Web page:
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Close to Home: A Materialist Analysis of Women’s Oppression

Classic analysis of gender relations and patriarchy under capitalism
Close to Home is the classic study of family, patriarchal ideologies, and the politics and strategy of women’s liberation. On the table in this forceful and provocative debate are questions of whether men can be feminists, whether “bourgeois” and heterosexual women are retrogressive members of the women’s movement, and how best to struggle against the multiple oppressions women endure.

Rachel Hills’s foreword to this new edition explores how Christine Delphy’s analysis of marriage as the institution behind the exploitation of unpaid women’s labor is as radical and relevant today as it ever was.

Reviews

  • “She writes with an extraordinarily clear-eyed passion … Delphy’s words are persuasive.”

Blog

  • Reconceptualizing Family History

    "Frustrated by the fact that most texts on women treated 'the man's world' as the given and then simply asked where and how women fitted in," Stephanie Coontz writes, "I decided to undertake a survey of American gender roles: that was the starting point of the present book" — The Social Origins of Private Life: A History of American Families 1600–1900, published by Verso in 1988.


    Unidentified African American soldier in Union uniform with wife and two daughters, c. 1863-65. via Wikimedia Commons.

    As the focus of her research shifted from "woman's private sphere" to the family as a larger arena in which the public and private intersect, Coontz became more attentive to the diversity of household arrangements across time and space. "Stimulated by the burgeoning research into family history," she writes, "I began to look at the family as a culture's way of coordinating personal reproduction with social reproduction — as the socially sanctioned place where male and female reproductive activities condition and are conditioned by the other activities into which human beings enter as they perpetuate a particular kind of society, or try to construct a new one." 

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  • Reconceptualizing Family History (Part II)

    Continued from part I.


    Detail from Francis William Edmonds' The New Bonnet (1858).

    The Limits of Structural and Demographic Analysis

    Although it is important to compare demographic trends and household structures and seek their economic correlates, such procedures yield only limited information about the history of families. Olga Linares points out: “Qualitative changes in the meaning of interpersonal obligations may be as important in distinguishing among household types as more easily measured changes in size and form.” Indeed, as Barrington Moore Jr has commented, tabulating structural differences “necessarily involves ignoring all differences except the one being measured.” Changes in social relations and patterns are not “reducible to any quantitative differences; they are incommensurable. Yet it is precisely such differences that matter most to human beings.”47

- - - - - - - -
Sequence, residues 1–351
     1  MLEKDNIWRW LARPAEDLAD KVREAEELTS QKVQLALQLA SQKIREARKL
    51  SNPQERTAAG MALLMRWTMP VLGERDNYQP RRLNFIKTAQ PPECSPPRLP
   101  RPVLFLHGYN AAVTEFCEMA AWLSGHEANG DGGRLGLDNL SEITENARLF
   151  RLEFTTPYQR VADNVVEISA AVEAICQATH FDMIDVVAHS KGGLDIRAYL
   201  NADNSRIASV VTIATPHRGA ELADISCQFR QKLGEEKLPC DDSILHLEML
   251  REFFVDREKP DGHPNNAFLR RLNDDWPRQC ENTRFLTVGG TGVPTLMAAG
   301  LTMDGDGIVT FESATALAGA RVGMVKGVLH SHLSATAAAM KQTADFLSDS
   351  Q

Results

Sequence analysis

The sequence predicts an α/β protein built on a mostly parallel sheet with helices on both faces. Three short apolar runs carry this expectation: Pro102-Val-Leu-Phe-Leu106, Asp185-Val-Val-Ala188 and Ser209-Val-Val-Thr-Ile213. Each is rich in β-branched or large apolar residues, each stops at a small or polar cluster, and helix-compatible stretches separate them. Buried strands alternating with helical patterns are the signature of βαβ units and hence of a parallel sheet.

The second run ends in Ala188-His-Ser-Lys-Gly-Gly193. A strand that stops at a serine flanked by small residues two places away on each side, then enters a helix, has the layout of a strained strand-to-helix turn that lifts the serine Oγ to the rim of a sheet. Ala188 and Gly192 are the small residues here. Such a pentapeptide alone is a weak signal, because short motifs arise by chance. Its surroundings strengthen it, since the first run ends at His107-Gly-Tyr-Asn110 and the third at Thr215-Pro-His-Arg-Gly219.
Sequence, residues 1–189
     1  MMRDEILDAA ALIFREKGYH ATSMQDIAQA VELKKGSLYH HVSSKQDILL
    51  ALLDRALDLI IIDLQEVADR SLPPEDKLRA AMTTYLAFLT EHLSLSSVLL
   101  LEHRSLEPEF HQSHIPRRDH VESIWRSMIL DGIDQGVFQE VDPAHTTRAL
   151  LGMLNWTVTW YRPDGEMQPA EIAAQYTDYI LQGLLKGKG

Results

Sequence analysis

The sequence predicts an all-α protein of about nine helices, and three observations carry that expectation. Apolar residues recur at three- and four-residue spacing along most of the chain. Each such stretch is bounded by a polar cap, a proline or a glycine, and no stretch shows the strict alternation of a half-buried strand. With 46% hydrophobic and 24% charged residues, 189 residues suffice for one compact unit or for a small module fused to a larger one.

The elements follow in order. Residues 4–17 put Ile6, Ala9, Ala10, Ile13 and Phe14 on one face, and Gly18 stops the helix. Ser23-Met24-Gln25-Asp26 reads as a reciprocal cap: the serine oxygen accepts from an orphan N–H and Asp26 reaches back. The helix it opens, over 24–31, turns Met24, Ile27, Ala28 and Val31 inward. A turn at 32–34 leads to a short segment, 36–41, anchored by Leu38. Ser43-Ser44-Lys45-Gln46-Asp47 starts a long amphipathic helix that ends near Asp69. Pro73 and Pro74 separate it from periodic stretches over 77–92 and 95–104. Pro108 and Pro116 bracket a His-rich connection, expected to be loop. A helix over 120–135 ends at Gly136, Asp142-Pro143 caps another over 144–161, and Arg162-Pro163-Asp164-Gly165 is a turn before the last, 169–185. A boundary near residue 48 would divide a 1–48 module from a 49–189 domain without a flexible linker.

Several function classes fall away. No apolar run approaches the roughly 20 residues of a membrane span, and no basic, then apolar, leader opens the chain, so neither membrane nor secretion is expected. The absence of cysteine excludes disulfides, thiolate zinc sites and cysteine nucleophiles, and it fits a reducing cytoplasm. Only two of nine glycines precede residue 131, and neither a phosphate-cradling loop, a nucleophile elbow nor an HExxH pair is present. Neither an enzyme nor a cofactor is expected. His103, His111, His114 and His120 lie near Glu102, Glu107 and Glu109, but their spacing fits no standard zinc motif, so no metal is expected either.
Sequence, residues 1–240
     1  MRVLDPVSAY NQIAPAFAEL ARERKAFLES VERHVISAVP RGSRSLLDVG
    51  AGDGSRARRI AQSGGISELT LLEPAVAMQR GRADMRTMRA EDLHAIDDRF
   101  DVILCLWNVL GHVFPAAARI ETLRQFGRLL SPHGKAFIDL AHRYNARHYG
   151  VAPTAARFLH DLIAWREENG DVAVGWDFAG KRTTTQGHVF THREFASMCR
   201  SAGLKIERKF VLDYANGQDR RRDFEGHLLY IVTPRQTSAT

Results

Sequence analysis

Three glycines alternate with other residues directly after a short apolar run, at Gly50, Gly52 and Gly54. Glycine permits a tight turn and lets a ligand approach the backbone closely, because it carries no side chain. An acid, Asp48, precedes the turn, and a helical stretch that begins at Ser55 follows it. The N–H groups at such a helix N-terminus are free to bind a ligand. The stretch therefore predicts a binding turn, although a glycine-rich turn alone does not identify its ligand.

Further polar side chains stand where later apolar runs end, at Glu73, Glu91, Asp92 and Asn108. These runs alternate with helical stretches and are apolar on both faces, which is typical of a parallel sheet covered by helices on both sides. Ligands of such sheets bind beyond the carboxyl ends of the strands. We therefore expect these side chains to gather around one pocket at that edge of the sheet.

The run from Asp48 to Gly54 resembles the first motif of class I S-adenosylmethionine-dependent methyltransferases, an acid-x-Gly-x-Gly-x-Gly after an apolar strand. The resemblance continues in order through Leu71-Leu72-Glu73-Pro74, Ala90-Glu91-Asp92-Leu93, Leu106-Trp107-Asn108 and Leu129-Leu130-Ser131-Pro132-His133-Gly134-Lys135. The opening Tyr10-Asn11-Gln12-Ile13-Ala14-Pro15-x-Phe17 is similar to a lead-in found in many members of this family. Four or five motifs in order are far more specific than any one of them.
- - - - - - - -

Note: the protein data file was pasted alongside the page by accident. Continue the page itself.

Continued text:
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  • Catholic Sharia, or the state within the state

    This post first appeared on Christine Delphy's blog. Translated by David Broder.

    Philippe Barbarin, Archbishop of Lyon.

    Neither Jean-Luc Mélenchon nor Emmanuel Macron know what laïcité [French state secularism] is. So Mélenchon believes that "schooling" is subject to "laïcité." No: the teachers are, because they are state employees; but not the service users, the students themselves. Which is why the 2004 law banning the headscarf does not conform to the 1905 laïcité law. Macron seems to be unaware that the State Council declared the "anti-burkini" decrees issued by certain mayors last summer to be invalid; he claims that "some of these decrees are justified" since they "target not any cultural issue, but a matter of public order." What "public order" is this? Do the women who wear a burkini disturb public order? No. Rather, the men and women who insult them are disturbing public order; it is not the victims who ought to be penalised.

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Other books by Christine Delphy Translated by Diana Leonard Foreword by Rachel Hills